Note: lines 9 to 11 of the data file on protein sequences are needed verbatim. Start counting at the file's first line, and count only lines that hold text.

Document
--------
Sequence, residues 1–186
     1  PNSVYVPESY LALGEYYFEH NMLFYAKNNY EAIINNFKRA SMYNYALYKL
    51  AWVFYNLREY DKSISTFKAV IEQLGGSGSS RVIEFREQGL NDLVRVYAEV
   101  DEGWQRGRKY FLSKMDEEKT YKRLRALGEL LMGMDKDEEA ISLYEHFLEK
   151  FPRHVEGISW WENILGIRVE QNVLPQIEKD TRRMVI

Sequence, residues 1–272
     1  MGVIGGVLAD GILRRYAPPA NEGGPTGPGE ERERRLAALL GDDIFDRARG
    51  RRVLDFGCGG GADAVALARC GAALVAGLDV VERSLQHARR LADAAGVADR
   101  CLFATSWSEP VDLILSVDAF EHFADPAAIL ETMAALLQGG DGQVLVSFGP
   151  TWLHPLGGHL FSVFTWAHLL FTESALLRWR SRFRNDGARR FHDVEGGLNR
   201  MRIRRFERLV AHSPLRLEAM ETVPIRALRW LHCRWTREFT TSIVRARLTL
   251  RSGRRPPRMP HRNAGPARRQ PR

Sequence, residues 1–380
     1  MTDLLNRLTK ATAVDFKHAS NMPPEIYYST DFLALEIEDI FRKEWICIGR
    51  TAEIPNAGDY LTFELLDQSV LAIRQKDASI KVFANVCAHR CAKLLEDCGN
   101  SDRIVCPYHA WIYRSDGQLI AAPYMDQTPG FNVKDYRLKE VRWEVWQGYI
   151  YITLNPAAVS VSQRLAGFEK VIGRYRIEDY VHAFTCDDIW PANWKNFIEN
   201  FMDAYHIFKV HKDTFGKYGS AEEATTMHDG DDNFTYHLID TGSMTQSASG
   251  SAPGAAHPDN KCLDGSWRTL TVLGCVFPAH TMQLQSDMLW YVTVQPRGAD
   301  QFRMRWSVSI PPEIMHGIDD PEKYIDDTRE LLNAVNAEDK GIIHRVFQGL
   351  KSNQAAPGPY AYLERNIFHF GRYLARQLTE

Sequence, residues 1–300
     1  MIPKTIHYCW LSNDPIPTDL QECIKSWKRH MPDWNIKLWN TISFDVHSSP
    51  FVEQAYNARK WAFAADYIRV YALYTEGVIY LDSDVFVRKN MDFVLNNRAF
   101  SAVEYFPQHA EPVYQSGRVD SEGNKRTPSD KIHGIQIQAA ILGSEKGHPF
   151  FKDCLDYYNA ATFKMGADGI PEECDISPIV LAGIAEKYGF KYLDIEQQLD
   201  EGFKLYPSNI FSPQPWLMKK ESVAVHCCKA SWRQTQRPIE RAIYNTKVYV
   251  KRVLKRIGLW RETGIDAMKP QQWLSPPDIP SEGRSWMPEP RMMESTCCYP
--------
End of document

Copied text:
   101  CLFATSWSEP VDLILSVDAF EHFADPAAIL ETMAALLQGG DGQVLVSFGP
   151  TWLHPLGGHL FSVFTWAHLL FTESALLRWR SRFRNDGARR FHDVEGGLNR
   201  MRIRRFERLV AHSPLRLEAM ETVPIRALRW LHCRWTREFT TSIVRARLTL